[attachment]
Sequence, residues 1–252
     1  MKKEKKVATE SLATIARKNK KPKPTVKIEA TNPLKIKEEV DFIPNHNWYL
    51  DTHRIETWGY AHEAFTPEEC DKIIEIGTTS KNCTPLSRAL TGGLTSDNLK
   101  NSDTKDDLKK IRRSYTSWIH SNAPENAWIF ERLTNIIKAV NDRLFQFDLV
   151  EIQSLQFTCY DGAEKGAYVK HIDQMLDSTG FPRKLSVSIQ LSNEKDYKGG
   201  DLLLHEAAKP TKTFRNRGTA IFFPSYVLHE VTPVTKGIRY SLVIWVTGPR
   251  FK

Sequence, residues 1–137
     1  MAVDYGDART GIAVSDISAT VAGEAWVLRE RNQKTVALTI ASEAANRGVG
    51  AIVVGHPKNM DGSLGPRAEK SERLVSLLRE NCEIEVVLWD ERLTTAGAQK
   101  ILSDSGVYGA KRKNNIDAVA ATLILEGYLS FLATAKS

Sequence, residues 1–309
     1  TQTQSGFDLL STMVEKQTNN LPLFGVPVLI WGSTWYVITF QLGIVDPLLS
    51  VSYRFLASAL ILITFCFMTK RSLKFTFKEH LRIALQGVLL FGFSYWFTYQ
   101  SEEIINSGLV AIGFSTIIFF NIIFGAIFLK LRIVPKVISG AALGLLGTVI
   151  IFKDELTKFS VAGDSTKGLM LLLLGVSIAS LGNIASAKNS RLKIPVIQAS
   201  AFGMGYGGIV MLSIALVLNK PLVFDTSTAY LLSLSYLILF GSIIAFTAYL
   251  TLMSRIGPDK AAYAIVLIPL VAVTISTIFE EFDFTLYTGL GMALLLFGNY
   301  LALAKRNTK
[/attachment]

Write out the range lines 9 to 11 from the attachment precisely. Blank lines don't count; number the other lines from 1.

     1  MAVDYGDART GIAVSDISAT VAGEAWVLRE RNQKTVALTI ASEAANRGVG
    51  AIVVGHPKNM DGSLGPRAEK SERLVSLLRE NCEIEVVLWD ERLTTAGAQK
   101  ILSDSGVYGA KRKNNIDAVA ATLILEGYLS FLATAKS